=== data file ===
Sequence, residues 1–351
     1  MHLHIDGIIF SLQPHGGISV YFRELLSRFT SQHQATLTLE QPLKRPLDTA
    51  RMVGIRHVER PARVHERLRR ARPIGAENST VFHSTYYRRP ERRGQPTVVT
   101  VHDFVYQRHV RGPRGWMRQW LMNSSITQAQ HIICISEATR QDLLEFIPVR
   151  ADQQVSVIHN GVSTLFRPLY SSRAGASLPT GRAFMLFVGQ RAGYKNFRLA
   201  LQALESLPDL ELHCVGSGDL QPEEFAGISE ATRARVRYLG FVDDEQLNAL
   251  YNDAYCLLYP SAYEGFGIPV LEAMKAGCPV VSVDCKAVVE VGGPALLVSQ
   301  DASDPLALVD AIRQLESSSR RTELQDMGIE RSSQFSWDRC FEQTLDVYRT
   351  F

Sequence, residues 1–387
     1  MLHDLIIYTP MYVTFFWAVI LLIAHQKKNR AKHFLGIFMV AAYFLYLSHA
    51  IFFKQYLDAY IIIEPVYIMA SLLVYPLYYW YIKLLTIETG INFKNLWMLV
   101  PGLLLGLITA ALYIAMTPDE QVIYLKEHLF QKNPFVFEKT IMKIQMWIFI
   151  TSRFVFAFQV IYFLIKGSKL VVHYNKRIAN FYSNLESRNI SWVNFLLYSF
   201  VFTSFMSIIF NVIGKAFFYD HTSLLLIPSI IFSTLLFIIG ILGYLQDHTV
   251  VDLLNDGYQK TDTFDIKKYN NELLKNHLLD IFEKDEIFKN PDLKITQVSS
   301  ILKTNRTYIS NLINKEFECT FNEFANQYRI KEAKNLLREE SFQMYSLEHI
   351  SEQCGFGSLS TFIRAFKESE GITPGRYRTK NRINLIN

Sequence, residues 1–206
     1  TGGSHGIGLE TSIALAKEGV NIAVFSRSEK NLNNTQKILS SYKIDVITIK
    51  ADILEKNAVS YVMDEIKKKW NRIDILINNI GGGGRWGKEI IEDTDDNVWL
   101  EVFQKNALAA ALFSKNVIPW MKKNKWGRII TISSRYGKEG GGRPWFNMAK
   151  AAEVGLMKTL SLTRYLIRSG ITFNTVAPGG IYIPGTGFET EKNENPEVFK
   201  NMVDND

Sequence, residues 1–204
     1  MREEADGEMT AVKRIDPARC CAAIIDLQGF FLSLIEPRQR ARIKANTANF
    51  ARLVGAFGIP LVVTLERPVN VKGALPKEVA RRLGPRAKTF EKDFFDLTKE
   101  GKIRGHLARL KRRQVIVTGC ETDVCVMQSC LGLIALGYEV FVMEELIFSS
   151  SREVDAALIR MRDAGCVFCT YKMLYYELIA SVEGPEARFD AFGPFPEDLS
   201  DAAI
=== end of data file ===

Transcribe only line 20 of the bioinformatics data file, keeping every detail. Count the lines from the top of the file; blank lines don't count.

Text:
     1  TGGSHGIGLE TSIALAKEGV NIAVFSRSEK NLNNTQKILS SYKIDVITIK